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In the tony hillside neighborhoods of Bel-Air and Brentwood, residents say they are aware of the homeless that live in the shadows of their multimillion-dollar homes.

A scorched pot is among the few remnants of a homeless encampment where investigators believe the Skirball fire, which destroyed more than 400 acres, started. (Credit: Brian van der Brug / Los Angeles Times)

The affluent area along the 405 Freeway in the Sepulveda Pass, home to celebrities, corporate titans and others, has not been immune to the homeless crisis that has spread across the city. Some residents express sympathy and concern for the homeless, others are wary and want them out.

But the Skirball fire, which destroyed homes and forced the evacuation of a large chunk of Bel-Air, has put the homeless issue at the forefront of community debate. Fire officials say the fire was caused by a cooking fire at a homeless camp along the 405. Investigators say the fire was accidentally set but have not been able to find those who occupied the camp.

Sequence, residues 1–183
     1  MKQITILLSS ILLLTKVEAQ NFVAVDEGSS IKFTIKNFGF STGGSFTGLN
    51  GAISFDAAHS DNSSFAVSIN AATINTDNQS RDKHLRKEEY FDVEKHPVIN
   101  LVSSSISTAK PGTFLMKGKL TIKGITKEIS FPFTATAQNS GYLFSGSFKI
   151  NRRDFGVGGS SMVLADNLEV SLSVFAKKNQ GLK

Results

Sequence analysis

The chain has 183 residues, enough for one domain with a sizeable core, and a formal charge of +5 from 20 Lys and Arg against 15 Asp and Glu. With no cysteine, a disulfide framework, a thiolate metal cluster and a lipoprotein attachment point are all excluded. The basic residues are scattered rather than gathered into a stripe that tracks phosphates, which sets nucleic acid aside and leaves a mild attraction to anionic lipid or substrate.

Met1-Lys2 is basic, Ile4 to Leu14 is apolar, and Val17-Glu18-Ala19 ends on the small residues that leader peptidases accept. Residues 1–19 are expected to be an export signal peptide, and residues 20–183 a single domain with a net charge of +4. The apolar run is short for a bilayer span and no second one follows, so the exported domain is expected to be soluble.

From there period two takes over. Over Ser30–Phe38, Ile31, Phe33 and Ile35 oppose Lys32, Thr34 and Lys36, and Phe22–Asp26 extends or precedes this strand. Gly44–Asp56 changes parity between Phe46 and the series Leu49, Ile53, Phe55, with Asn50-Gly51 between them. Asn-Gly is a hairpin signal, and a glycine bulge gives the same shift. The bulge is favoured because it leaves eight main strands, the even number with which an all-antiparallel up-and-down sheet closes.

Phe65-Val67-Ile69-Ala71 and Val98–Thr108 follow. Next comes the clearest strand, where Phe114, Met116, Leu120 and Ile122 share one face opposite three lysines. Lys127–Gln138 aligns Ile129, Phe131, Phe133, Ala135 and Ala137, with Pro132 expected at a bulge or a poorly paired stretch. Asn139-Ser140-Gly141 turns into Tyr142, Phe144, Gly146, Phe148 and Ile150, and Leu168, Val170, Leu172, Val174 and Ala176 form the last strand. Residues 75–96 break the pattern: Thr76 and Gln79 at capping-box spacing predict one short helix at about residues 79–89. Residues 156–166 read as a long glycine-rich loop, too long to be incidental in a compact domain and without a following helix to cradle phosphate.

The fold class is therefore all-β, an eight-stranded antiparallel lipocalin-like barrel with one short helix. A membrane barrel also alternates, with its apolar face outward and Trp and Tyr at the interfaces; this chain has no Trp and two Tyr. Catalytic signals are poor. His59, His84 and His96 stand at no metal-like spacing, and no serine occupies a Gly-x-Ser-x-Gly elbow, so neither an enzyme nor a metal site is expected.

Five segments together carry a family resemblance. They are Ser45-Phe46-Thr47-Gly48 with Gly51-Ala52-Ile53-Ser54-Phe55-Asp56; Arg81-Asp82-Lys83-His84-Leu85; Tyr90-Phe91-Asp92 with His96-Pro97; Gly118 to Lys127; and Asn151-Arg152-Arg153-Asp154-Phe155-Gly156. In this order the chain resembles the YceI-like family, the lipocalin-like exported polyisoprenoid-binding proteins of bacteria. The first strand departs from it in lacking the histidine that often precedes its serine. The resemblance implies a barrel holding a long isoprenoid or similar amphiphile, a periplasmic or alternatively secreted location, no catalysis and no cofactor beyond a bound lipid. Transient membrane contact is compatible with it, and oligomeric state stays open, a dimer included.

Resident Alma Soll, whose balcony was covered with soot by the fire, said the homeless population is a part of life in the area but that the fire was disconcerting.

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